But back to the miniseries tie-ins. I freely admit that it's my own fault for buying the Iron Man House of M miniseries. I'm a Tony Stark homer, and an idiot. I get what I deserve there. But I read the FF and Spider-Man ones too (and no, I didn't buy them), and I gotta say...why? Why? Is there one single reason that even fans of those characters should have picked up those series? Because I saw a whole lotta sound and a teeny tiny amount of fury there. And, oh, by the way, none of them made a damn bit of difference in the overall storyline. So there's something of a lack of payoff there as well.
And making Wolverine the central character in all this as of issue #2? Brilliant. You managed to keep those of us who are tired of Wolverine in check for the first two issues, knowing that we'd hang on to the end. In fact, you pretty much lied when you stated that this series would feature some non-mutant characters, like, say, Avengers. Because other than maybe 10 seconds of screen time at the beginning and at the end, this was ENTIRELY about X-characters. Which would be OK, and yes, I should have seen it coming, since the title was "House of M", and I was just a naive schoolboy who thought that Marvel's tentpole event would feature the entire Marvel U instead of just the "kewl" characters.
Oh, memo to Marvel? We generally don't give a rat's ass about Emma Frost, either. So stop shoving her down our throats as well, get her the hell out of the spotlight, and move along to someone more interesting, say, the Blob. Just because the uber-telepath in a bikini looks hotter than the uber-telepath in a wheelchair doesn't mean she resonates anywhere more with readers except perhaps somewhere near the groin.
Your honor, I implore you to seek retribution. Steal Bendis' and Quesada's pants or something. Or at the very least, hit them with a steam iron.
For the Defense:
Of course it took 8 issues. It's a miniseries. You knew that going in, right on the cover where it said "#1 of 8". So quit bitching. You also knew pretty generally that this was going to be an alternate reality-type situation involving flip-flopping the human/mutant status quo. I mean, you didn't really think "House of M" stood for "House of Marvel", did you? Sheesh.
And you know what? For all your bitching about the miniseries, the fact that none of them had an impact on the main storyline meant MARVEL WAS TELLING THE TRUTH. They said from the beginning that you didn't have to read any of the minis to understand the main story, and they were absolutely right, unlike some other miniseries involving Batman, spy satellites, and OMACs I could name. So get off their backs about the miniseries --- they turned out to be exactly as advertised.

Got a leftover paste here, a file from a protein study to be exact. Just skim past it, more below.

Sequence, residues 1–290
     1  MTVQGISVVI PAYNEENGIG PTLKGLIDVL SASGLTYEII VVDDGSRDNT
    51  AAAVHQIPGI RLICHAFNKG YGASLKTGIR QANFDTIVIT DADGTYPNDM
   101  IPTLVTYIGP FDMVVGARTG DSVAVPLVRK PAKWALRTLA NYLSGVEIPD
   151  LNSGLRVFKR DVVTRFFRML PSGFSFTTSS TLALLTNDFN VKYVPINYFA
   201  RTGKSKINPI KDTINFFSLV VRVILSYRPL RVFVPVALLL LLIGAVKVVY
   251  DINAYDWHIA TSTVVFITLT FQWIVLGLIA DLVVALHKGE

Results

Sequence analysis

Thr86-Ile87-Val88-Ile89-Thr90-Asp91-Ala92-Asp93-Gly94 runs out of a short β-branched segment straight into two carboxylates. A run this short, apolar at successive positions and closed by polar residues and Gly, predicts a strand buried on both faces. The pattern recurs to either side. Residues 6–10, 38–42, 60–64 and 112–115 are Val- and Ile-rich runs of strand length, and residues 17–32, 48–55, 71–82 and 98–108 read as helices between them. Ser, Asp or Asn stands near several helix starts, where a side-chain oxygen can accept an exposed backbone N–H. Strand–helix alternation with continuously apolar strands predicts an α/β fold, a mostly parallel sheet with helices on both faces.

Let's look at the bigger picture. What did this series accomplish? Here's a few examples:
- Fewer mutant characters. Joe Q was dead on when he said in an interview that making a new character a mutant was just lazy writing, a shortcut to coming up with an interesting origin and character. So kudos for wiping out most of them, including some boring ones who were never that compelling to begin with (I'm lookin' at you, Iceman).
- Hawkeye's back. You all bitched when he was stupidly killed, and rightfully so. Now he's back and apparently has an attitude and a grudge against his former teammates, which --- face it ---gives him something interesting about his character again, something that he didn't have for the last two years. Don't believe me? Who would you rather watch and see what they do next, Hawkeye or Captain America? Hawkeye or Iron Man? Hawkeye or Wolverine? (OK, that last one was a trick question. Sit down, fanboy.)
- An interesting direction for Dr. Strange, as he must come to grips with being a failure and has his confidence shaken. There are some excellent ways to revitalize this character now, beginning with sending him on the Hero's Journey to redeem himself.
- Wolverine remembers everything now, which means at least we can stop with the "international man of mystery" angle.
So yeah, some good things did come of it. And in the midst of some terrific revelations and action, we got powerful moments like Peter Parker's "awakening" and Hawkeye's "second death" and the final confrontation at the end. Those were genuinely emotional scenes that really left an impression.
Was it the perfect miniseries? No. Will it please everyone? No. But in the end, it was probably a good thing that didn't suck too many dollars in service of the main story, had competent art, and real consequences for the Marvel U continuity, which is allegedly what everyone wants out of one of these event thingys.
So, your Honor, the Defense sees no reason why there should be any sort of pants-stealing or steam iron-throwing here. It was a decent miniseries that lived up to expectations.
And that's pretty much my take on House of M. I'm deeply divided. In the end, I'll puss out and give it 2.5/5 rating for Comic Book Goodness, and that particular rating could go another 2 points either way depending on the mood I'm in.